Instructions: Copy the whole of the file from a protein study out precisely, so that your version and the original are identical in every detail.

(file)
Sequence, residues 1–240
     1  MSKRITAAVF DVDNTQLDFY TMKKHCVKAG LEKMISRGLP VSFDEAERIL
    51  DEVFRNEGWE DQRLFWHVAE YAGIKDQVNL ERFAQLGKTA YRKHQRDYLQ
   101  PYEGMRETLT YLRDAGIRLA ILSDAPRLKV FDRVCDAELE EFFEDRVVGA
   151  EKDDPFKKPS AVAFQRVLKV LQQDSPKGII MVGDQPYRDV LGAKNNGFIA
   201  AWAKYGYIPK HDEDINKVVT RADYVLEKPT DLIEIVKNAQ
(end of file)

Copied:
Sequence, residues 1–240
     1  MSKRITAAVF DVDNTQLDFY TMKKHCVKAG LEKMISRGLP VSFDEAERIL
    51  DEVFRNEGWE DQRLFWHVAE YAGIKDQVNL ERFAQLGKTA YRKHQRDYLQ
   101  PYEGMRETLT YLRDAGIRLA ILSDAPRLKV FDRVCDAELE EFFEDRVVGA
   151  EKDDPFKKPS AVAFQRVLKV LQQDSPKGII MVGDQPYRDV LGAKNNGFIA
   201  AWAKYGYIPK HDEDINKVVT RADYVLEKPT DLIEIVKNAQ